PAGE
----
Friday, December 19, 2008

Classroom Exercises to Promote Entrepreneurial Thinking

The latest newsletter from The Entrepreneurship Educator suggests a classroom activity involving marshmallows and spaghetti. You can an image search on Google and find many pictures of students of different ages and in various types of courses working on this exercise.

I'll copy entire information below, but what interests me most about the exercise is the list of entrepreneurial concepts that the process teaches.

I'm wondering how I might adapt this exercise to meet the goals of my course which is Spanish & Entrepreneurship. Could the students be required to work with materials that come from outside their own cultural experiences (e.g., some type of soft candy from Latin America and fideos)? Could they be required to build a structure that has some cultural resonance from outside their own culture? In sum, I would want the exercise to reveal one of the main issues in my course--language and cultural knowledge provide insights and opportunities for the entrepreneurial process and enrich the teamwork process.

Here is the newsletter item:

"Using Marshmallows and Spaghetti to Teach the Creative Process

Minet Schindehutte at Syracuse University and Jose Gonzalez of Belmont University have found a creative way to teach the creative process.

Students get two resources – spaghetti & marshmallows – and are told to build the highest possible structure in 15 minutes using only those two materials. The winning structure captured on a photograph gets a prize -- this helps ensure only the structure remaining stable long enough to be filmed is considered as the winner.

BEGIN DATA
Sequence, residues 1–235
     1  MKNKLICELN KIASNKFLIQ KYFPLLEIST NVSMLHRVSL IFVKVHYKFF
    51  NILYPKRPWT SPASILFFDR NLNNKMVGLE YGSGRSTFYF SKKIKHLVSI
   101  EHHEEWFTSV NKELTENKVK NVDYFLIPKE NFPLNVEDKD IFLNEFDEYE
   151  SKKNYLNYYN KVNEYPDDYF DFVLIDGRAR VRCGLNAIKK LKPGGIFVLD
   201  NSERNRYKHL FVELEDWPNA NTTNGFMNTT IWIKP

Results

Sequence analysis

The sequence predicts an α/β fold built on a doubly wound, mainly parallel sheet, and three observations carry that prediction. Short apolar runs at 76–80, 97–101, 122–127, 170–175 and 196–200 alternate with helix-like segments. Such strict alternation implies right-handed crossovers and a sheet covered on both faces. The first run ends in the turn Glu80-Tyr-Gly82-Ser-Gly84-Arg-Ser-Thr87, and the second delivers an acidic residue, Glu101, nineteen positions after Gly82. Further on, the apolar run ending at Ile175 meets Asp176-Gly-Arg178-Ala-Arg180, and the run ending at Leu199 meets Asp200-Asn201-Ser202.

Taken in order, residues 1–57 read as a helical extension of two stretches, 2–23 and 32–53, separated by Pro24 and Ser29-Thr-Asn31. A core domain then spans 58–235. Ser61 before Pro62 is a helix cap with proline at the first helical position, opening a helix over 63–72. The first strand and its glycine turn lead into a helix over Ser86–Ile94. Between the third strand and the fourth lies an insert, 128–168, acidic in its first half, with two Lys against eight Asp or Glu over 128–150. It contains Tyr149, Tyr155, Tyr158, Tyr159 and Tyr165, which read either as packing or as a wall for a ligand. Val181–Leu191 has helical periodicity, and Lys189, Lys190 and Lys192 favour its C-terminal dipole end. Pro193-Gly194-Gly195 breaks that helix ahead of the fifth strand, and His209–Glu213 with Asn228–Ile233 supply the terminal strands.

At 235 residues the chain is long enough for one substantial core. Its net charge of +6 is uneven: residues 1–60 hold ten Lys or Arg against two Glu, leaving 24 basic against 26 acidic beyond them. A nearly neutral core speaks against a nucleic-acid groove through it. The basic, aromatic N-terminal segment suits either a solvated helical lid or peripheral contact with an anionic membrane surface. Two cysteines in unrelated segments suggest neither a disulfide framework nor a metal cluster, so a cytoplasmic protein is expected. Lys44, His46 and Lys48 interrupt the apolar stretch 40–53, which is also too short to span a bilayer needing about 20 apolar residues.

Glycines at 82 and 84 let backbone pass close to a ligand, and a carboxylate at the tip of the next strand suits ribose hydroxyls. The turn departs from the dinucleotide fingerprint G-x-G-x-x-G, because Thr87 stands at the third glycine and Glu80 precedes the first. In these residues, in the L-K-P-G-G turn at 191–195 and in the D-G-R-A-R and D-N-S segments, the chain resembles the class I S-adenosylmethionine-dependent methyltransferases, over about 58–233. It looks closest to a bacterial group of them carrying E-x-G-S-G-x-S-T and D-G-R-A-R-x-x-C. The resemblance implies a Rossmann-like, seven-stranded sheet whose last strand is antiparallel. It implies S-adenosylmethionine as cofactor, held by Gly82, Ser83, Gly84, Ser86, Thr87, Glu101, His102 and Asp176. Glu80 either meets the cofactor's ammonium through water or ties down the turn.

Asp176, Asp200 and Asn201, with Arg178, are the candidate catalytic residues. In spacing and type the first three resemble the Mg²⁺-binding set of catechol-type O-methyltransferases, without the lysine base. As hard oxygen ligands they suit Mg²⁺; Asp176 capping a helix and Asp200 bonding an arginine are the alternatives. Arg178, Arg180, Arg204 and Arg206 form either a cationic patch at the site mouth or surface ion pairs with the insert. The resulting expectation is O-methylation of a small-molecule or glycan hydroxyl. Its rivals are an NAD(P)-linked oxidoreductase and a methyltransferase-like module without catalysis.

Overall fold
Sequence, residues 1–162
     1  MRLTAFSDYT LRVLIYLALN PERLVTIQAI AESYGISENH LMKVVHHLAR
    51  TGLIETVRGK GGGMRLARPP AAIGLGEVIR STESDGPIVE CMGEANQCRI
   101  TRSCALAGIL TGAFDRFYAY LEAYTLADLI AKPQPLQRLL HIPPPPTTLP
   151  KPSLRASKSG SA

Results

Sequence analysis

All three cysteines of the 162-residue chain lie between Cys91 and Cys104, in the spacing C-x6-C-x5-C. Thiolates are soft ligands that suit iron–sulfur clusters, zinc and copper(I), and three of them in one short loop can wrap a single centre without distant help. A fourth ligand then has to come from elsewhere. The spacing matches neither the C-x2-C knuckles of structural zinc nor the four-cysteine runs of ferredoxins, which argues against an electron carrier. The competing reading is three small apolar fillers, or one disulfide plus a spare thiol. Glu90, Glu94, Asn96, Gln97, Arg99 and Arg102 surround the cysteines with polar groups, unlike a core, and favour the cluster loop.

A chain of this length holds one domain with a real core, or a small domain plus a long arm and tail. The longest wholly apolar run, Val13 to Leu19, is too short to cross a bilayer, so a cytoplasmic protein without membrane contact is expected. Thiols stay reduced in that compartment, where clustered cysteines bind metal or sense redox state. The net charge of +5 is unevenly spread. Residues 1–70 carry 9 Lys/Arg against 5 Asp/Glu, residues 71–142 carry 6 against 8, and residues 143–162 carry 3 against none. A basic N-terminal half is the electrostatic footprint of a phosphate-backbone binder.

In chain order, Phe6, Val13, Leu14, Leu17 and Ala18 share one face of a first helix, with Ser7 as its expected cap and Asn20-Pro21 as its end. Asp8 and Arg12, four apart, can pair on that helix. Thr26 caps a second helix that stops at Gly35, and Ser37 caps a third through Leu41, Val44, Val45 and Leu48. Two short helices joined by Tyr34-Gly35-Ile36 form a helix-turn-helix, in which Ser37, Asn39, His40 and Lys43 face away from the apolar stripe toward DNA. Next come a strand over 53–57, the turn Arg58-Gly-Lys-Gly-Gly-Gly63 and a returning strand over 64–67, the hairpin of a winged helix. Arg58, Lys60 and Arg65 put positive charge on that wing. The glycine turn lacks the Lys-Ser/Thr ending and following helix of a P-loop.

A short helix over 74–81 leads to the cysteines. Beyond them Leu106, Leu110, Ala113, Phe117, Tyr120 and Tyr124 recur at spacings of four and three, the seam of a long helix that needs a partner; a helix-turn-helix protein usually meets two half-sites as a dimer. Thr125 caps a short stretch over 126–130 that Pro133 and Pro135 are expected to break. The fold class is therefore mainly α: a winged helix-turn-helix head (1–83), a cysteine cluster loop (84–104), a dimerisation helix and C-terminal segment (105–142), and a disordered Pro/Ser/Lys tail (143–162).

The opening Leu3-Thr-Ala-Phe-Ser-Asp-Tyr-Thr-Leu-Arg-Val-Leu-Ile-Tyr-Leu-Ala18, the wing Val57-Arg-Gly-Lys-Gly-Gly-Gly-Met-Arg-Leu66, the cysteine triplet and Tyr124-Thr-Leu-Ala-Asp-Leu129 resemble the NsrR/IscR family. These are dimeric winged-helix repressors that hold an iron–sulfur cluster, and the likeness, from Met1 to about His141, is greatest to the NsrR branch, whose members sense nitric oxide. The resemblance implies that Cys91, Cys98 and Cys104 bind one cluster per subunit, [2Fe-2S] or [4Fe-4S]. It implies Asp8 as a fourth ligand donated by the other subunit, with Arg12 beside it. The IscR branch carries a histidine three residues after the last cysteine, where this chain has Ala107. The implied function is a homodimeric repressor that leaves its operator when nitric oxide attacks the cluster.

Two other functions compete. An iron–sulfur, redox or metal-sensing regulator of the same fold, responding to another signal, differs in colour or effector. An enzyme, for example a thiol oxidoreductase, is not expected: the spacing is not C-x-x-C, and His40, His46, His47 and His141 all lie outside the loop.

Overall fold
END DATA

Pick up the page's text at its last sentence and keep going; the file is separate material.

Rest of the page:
The learning outcomes can focus around any of the following (all should be part of debriefing after the exercise):

  • To learn about working as a team and analyze their effectiveness as a team
  • To experience the product development process from start to finish without telling students what it is
  • To see how different teams interpret the same instructions and the difference “out of the box” thinking and approaches make (i.e. entrepreneurial or conformist)
  • To understand the benefits of rapid prototyping and or working with a modular approach (there is always a team that tries 3 or 4 different things from the beginning while all the others work on only one structure)
  • To examine why some students didn’t ‘get into the game’ and factors that caused some out of the creative process.
  • To discuss the role of contribution and leadership.
  • To recognize that stimulus rich environments are much more conducive to creativity than incentives
  • To understand how planning pays off – those who took time to plan tend to come up with better structures at the end than those that jumped into sticking marshmallows to noodles right away
  • To experience how competition and having fun enhances the creative process."

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